So I did it, slowly and painfully, and emailed it and printed it out for my Trusted Readers. You’d think I’d feel a sense of exhilaration and relief at this point, but no. Because this is just the beginning. I’ve reinforced the major, structural stuff, but I know I still have plenty of dangling threads. Wait, is that a mixed metaphor? I think I’m too tired to care.

On the upside, my family in CT got their power back late last week, so the cheese and chicken are no longer in danger. My grandmother is now gearing up for her trip to Florida, where she will stay until May, and where she can keep her food cold and the rest of her house un-airconditioned, the way she likes it. FYI, Cousin Joyce will be staying in CT, though I’m not sure anyone has broken the news to her yet. If she had a face, I’m sure it would register disappointment.

I’m gearing up for the Providence Arts Festival this Saturday, where I’ll be participating in a storytelling session at the ROOTS Cafe from 12-5 (my slot is at 3:20pm) and selling and signing my books. I’m looking forward to focusing on stories that are finished and published and out in the world, for a change. Will I see you there?

Photo by “dan.”

Cheese and chicken

We got very, very lucky, and Irene decided not to wreak too much havoc here. Three tree limbs fell just shy of our garage, and we got a little water in our basement. That’s it. (The above photo is just the pile of smaller branches we pruned. We’ll be taking a chainsaw to the tree limbs later this week.)

Not so lucky? My family in Connecticut, who still don’t have power. And my mother and sister are responsible for my incorrigible 90-year-old grandmother, who refused to put in her hearing aids and kept defiantly standing near windows and trying to go outside amidst the storm. Several hours after the power went out, my uncle got around to bringing over a generator, but my grandmother has been complaining that they’re using it to power the lights; she only wants it used to keep her freezer going. Her freezer, clearly on loan from the set of an Albert Brooks movie, is filled with nothing but frozen cheese and chicken. I guess when the apocalypse arrives, cheese and chicken will become our new currency.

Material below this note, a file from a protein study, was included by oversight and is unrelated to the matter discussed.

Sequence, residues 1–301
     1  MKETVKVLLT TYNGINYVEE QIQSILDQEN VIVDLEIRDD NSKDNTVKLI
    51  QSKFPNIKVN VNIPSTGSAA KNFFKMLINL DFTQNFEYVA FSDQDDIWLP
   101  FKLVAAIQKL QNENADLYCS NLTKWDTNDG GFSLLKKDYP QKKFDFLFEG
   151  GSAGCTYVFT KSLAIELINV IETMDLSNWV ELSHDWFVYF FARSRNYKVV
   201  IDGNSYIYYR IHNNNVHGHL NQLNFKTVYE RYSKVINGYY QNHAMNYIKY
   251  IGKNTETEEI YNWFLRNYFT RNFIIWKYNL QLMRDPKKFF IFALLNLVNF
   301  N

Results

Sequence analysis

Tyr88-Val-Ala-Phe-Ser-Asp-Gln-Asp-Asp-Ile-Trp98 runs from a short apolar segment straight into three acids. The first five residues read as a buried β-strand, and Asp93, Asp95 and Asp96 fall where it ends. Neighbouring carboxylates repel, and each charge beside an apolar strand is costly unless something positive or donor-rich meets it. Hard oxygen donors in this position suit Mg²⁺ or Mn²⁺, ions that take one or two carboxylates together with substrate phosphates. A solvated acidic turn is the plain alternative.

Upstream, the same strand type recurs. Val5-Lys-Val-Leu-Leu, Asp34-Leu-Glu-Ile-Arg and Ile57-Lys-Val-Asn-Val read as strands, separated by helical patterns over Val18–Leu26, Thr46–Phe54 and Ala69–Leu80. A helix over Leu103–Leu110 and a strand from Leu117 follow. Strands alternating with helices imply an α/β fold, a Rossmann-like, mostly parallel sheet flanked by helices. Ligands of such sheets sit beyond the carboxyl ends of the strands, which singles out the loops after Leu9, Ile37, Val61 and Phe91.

My heart goes out to those who fared worse than we did. Best wishes for easy cleanup, dry basements, hot showers, and manageable (if not fully appreciative) loved ones.

Stormy Weather

So, apparently we have a little bit of rain coming to the east coast.

As we wait for Irene to make her appearance, I can’t help thinking about another big hurricane: Gloria, in 1985. I was a freshman in high school, and I remember baking a Boston cream pie right before the storm hit. We lost power for a few days and most of the food in our fridge went bad, so we ate that pie at just abut every meal. Now, I have a hard time with even Boston cream donuts; they seem less filled with cream and more with desperation.

One photo exists of me from just after that storm, where I am posed next to a tree that crashed through the fence in our backyard. I am wearing a Chicago concert t-shirt and Jordache jeans and a red bandanna tied in my awkwardly-feathered hair. I am smiling like a fool, my braces glimmering in the post-hurricane sun, as if I fancy myself a big-game hunter standing next to a recently-felled elephant.

I don’t remember being afraid at all when Gloria came to town, probably because I trusted that my parents would keep us safe. When the eye of the storm passed over us, its false sunshine filling our neighborhood, I insisted on going outside, despite my mother’s protests. I knew the storm was coming back, but there didn’t seem to be any sense of immediacy to it for me. Maybe it was because I had such a sheltered childhood, I just never imagined anything could hurt me.